Leadership Consultations Banner

Leadership consultation is a free service the Center for Leadership provides for Cal Poly students, staff, and faculty. Consultations are a meeting to gain advice about how you can bring and infuse leadership into curriculum, a staff training, and more.

Our hope for a consultation is to provide you with tools and resources that you can facilitate and we will make sure you leave your meeting feeling prepared to facilitate the ideas we provide you. We do not provide full lesson plans but rather ideas for videos, resources, activities, and more. 

Students can also use the consultation as a time to discuss their leadership journey and how they can maximize their leadership experiences and learning at Cal Poly. 

Please email leadership@calpoly.edu with any questions or concerns.

If you would like to request a one-on-one consulting appointment or workshop, presentation, or activity for a group, organization, class, or department please complete the request form below.

Leadership Domains and Competencies

If you are wondering what types of leadership sessions you might want to bring to your organization, group, or class we encourage you to explore the following competencies. Leadership requires a variety of skills and understanding and these options can help you think through what areas of growth you all are interested in. 

You do not have to come to us seeking ideas for these specific areas; however, reviewing them before then may help you narrow down what leadership areas and skills you want to focus on. 

Intrapersonal Development

Knowledge of self, personal goal setting and purpose, and decision-making based on principles, values, and beliefs. 


  • Reflection and Application
    • Reflecting on the past to better understand situations, strategies, and the true impact of decisions can help leaders learn from the past and apply lessons to the future. Reflection allows for an enhanced understanding of individual, group, and organizational needs and strengths.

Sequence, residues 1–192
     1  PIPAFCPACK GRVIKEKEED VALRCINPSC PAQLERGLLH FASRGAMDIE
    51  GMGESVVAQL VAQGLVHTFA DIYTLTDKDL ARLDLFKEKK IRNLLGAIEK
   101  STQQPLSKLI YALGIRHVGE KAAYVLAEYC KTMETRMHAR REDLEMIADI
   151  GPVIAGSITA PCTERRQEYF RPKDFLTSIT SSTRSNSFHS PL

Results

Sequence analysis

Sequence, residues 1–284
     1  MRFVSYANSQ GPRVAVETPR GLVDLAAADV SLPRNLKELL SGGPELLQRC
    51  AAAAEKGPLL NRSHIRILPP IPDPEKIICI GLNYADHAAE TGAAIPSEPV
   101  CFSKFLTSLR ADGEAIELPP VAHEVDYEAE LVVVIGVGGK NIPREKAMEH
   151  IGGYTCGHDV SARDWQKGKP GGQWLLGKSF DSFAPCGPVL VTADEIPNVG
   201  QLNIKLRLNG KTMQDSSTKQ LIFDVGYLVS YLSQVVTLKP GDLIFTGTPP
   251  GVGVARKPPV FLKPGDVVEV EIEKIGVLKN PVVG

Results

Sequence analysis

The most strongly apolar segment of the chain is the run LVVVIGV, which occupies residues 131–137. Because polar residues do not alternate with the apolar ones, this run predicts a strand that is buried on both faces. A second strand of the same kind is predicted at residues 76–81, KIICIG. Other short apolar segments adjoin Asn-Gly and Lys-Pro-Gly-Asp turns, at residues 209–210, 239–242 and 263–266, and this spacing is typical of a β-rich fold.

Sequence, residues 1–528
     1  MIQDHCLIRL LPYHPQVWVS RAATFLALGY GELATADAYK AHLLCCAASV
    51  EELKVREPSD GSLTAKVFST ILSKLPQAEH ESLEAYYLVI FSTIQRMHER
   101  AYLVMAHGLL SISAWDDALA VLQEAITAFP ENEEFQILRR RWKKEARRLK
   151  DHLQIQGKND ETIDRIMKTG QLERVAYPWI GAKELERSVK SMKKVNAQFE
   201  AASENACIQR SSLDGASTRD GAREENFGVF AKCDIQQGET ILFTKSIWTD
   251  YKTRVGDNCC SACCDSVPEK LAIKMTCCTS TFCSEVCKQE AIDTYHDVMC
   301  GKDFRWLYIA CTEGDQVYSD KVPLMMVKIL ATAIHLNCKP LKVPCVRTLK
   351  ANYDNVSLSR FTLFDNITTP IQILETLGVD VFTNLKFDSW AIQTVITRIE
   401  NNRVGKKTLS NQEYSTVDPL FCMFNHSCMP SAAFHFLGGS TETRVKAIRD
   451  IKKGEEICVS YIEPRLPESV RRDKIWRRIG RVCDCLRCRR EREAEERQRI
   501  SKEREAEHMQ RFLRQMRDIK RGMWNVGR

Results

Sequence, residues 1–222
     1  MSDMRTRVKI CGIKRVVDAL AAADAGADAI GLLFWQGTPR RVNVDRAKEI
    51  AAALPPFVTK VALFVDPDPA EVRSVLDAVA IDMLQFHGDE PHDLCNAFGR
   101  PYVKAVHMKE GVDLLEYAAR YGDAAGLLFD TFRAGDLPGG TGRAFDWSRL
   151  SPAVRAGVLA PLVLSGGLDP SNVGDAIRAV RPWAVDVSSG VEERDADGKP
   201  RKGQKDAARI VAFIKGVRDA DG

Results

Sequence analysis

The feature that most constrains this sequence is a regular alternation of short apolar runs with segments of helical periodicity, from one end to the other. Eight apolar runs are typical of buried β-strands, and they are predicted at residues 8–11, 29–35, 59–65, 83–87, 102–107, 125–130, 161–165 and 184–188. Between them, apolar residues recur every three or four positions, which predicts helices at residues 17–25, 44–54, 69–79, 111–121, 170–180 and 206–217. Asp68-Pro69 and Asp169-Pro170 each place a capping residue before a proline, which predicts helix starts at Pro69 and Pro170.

• Self-Understanding
    • Self-awareness is vital to effective leadership. Not understanding how to change or working from one’s weaknesses rather than strengths can have a devastating impact on others. However, leaders who understand their feelings, beliefs, and values can emphasize strengths and mitigate weaknesses in their leadership style. 
  • Personal Values
    • Values are a guiding force for individual behavior. Being aware of one’s own values can help leaders prioritize organizational initiatives and make decisions congruent with their values. Leaders who practice their values through leadership can influence and inspire others to work with them. 
  • Personal Contributions
    • Leaders who know their strengths and talents can utilize that knowledge to lead more effectively. A leader who contributes the strength of compassion when someone in the group falls on hard times can positively impact others, a skilled web designer in an organization without that skill can fill a need in the group.  Leaders utilize their strengths to make their organization(s) better. 
  • Scope of Competencies
    • While it is important for individuals to know their strengths, skills, and talents, it is just as important for leaders to know their areas for growth. This allows leaders to leverage other strengths, skills, or talents to fulfill a task or tap into the strengths, skills, or talents of others. This supports group success and allows individual strengths to shine. 
  • Receiving Feedback
    • For leaders to continue to develop and empower others, self-awareness is key. Sometimes, it takes feedback from others to illuminate areas for improvement. The ability to seek, consider, and then integrate feedback from others is crucial for leaders to develop their competencies and ability to work with others. 
  • Self-Development 
    • Whether learning new technology or improving public speaking skills, leaders are always learning. They may do this voluntarily like seeking out training or out of necessity based on their role or the group’s needs.